Stateside Provisional Waiver for Unlawful Presence (I-601A)

The final stateside provisional waiver rule was published on January 3, 2013 and will go into effect on March 4, 2013. The USCIS is preparing field guidance and training manuals, and expects that adjudication standards will be close to those currently in place for I-601 waivers.

Purpose of Stateside Waiver

The main goal is to cut waiting time while the family will get to stay together. Under the current process, which is available to persons not able to take advantage of the new provisional waiver process, eligible applicants for immigrant visas who have accrued unlawful presence beyond 6 or 12 months have to apply for an I-601 waiver of inadmissibility in their home country. By act of departing the U.S., they will be inadmissible to enter the United States for 3 or 10 years, respectively. Applicants leave and are often separated from their loved one for extended periods of time up, sometimes more than a year. They will only be allowed to immigrate to the United States with an approved waiver of inadmissibility for unlawful presence.

While the proposed Provisional Waiver will allow the families be together during the adjudication of the waiver, the applicant will still have to demonstrate that (1) he or she warrants a favorable exercise of discretion, and (2) that the qualifying relative will suffer extreme hardship if the waiver is not approved.

Stateside Provisional Waiver Processing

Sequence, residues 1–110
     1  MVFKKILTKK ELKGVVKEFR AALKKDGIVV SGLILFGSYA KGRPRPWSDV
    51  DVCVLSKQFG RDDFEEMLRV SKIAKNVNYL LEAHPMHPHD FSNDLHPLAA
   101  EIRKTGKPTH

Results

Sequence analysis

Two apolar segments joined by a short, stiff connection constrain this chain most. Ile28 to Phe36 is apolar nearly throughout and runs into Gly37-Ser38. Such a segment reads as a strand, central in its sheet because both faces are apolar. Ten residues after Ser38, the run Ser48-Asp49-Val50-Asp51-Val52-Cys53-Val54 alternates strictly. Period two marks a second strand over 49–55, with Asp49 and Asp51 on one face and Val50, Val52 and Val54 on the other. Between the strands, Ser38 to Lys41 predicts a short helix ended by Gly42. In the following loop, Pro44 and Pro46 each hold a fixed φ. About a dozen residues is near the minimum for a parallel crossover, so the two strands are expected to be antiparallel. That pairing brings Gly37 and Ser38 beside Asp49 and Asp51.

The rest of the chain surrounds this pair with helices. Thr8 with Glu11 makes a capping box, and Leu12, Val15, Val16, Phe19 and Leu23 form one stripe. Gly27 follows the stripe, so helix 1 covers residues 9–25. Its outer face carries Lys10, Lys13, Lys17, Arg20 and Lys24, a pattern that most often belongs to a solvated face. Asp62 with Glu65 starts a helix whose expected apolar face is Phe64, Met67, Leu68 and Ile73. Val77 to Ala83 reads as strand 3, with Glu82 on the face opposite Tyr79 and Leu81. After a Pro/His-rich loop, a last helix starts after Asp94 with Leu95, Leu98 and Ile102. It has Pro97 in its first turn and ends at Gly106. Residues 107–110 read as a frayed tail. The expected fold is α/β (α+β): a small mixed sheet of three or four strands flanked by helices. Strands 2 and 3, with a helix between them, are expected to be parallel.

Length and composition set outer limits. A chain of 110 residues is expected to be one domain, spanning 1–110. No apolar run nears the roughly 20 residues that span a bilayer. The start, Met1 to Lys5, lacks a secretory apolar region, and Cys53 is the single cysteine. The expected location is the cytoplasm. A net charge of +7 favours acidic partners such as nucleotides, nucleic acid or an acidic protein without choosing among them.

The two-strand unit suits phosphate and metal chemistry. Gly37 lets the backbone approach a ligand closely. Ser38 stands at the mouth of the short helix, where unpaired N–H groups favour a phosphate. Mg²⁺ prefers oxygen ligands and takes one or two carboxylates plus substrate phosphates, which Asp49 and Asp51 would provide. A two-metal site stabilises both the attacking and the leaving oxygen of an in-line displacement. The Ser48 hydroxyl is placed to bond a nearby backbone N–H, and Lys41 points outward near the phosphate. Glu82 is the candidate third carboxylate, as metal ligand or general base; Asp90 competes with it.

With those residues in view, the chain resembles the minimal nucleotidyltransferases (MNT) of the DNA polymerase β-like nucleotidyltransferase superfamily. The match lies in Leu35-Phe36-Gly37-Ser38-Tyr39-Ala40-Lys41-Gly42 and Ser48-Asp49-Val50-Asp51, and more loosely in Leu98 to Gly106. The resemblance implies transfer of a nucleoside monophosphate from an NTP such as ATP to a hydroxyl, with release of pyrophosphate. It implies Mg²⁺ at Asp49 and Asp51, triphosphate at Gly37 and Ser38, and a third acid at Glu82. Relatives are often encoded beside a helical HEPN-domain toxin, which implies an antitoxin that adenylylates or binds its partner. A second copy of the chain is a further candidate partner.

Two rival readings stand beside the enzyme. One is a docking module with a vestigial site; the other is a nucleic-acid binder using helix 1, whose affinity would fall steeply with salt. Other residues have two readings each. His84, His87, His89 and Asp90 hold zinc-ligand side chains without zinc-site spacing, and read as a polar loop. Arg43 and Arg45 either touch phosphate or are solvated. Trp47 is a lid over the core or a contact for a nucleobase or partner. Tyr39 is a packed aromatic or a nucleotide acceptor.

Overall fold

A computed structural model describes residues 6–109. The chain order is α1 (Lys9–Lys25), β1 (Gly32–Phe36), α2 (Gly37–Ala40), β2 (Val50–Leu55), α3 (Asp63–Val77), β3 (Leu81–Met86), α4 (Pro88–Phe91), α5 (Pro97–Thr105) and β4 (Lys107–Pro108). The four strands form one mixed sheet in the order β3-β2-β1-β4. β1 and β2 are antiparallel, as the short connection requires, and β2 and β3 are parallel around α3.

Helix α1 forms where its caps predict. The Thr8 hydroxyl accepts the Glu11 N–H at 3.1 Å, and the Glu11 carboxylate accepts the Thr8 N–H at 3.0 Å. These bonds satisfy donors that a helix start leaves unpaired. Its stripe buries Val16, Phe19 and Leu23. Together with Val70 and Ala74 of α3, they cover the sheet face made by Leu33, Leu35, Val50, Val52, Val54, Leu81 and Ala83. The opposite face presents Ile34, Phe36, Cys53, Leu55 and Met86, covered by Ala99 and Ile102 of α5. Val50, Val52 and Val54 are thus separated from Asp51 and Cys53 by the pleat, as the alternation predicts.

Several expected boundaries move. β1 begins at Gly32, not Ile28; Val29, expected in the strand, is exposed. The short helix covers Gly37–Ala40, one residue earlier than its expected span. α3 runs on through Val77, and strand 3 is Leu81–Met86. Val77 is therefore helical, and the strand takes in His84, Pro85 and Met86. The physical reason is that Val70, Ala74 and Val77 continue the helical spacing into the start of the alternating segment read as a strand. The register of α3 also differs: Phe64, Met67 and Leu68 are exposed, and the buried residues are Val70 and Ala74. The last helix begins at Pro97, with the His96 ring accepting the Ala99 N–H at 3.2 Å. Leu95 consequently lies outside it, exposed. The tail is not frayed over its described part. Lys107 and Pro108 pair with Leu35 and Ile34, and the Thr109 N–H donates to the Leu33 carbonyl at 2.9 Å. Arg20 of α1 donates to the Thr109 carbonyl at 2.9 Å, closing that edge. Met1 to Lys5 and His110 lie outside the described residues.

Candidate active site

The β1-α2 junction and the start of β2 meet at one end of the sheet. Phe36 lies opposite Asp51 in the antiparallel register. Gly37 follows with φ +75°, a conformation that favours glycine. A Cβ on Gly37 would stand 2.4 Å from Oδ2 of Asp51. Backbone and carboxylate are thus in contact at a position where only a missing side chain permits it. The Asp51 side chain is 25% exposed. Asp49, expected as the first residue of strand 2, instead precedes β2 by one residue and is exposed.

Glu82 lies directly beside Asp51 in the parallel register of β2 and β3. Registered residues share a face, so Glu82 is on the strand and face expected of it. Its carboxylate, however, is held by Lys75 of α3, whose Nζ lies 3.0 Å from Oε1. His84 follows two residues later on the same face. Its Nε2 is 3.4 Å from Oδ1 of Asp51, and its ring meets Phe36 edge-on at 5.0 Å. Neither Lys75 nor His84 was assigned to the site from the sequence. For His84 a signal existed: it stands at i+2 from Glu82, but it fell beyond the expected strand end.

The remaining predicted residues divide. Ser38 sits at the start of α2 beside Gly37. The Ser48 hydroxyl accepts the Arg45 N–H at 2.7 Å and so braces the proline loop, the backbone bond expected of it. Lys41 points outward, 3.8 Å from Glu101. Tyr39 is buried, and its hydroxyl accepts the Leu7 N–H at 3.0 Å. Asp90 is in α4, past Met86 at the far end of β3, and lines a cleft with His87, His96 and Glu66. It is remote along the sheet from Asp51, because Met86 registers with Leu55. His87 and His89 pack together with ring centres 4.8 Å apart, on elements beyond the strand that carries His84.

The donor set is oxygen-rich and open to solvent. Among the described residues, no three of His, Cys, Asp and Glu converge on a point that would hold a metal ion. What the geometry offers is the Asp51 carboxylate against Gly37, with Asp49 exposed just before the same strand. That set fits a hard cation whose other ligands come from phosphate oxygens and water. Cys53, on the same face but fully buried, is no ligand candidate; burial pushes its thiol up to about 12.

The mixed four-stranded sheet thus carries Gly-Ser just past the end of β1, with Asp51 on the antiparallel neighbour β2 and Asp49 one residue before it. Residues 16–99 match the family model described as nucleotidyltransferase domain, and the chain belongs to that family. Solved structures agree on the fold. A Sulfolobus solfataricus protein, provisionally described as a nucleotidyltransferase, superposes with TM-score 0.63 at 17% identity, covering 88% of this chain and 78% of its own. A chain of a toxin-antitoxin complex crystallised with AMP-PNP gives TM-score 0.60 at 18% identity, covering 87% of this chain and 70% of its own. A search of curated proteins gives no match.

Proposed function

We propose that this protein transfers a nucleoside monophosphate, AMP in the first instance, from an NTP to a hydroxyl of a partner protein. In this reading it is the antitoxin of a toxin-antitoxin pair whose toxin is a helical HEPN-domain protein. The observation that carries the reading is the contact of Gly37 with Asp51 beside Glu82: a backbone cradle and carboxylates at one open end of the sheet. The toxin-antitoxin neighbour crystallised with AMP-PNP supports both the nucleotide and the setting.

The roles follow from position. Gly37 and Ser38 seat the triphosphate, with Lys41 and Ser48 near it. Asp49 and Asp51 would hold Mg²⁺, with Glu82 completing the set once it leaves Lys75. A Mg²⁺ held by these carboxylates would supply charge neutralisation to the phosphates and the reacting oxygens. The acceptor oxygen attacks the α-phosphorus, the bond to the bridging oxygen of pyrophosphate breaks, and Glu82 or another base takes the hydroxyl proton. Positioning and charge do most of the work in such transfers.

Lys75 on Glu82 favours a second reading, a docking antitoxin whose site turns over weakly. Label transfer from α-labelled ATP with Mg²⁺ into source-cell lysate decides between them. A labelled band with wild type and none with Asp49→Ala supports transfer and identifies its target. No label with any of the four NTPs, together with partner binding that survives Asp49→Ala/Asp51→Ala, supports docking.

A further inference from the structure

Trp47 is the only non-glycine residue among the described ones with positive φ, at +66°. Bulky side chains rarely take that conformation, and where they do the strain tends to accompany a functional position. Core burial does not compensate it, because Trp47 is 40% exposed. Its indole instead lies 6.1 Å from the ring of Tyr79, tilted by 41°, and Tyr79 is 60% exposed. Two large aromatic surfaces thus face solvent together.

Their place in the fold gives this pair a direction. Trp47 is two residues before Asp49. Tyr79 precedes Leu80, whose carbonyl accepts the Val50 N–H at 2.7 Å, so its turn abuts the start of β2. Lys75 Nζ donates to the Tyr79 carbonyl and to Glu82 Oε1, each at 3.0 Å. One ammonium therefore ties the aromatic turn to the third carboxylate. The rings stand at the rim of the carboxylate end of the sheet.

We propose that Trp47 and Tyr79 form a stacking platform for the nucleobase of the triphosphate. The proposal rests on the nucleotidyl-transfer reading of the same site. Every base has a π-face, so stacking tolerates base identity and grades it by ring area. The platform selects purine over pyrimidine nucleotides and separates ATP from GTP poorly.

Under the new stateside waiver process, immediate relatives of U.S. citizens (spouses, children under 21, and parents) who need a waiver of unlawful presence in order to obtain an immigrant visa may file Form I-601A, Application for Provisional Unlawful Presence Waiver, before leaving the U.S. to obtain an immigrant visa at a U.S. Embassy or Consulate abroad. All eligible individuals are still required to depart the U.S. and must meet all legal requirements for issuance of an immigrant visa and admission to the U.S.

An intending immigrant may seek a stateside provisional waiver if he or she:

  • Is physically present in the U.S.;
  • Is the beneficiary of an approved immigrant visa petition (I-130) as an immediate relative of a U.S. citizen;
  • Is pursuing the immigrant visa process including the immigrant visa processing fee;
  • Is not subject to any other grounds of inadmissibility other than unlawful presence; and
  • Can show that refusal of admission would result in extreme hardship to a U.S. citizen spouse or parent.

An intending immigrant is not eligible for the proposed process if:

  • Has an application already pending with USCIS for adjustment of status to lawful permanent resident;
  • Is subject to a final order of removal or reinstatement of a prior removal order;
  • Is found inadmissible at the time of the consular interview for reasons other than unlawful presence; or
  • Already been scheduled for an immigrant visa interview at a U.S. Embassy or Consulate abroad.

The U.S. immigration system consists of a framework of highly complex laws, regulations and policies that are constantly changing. It is difficult to navigate through the process without the guidance of an experienced immigration attorney. Qualified counsel will be able to assess your case and eligibility, identify the risks and explore other legal options for acquiring immigration status. If an applicant uses the services of an immigration consultant or "notario" then the government will not permit such consultants to represent the applicant should problems arise.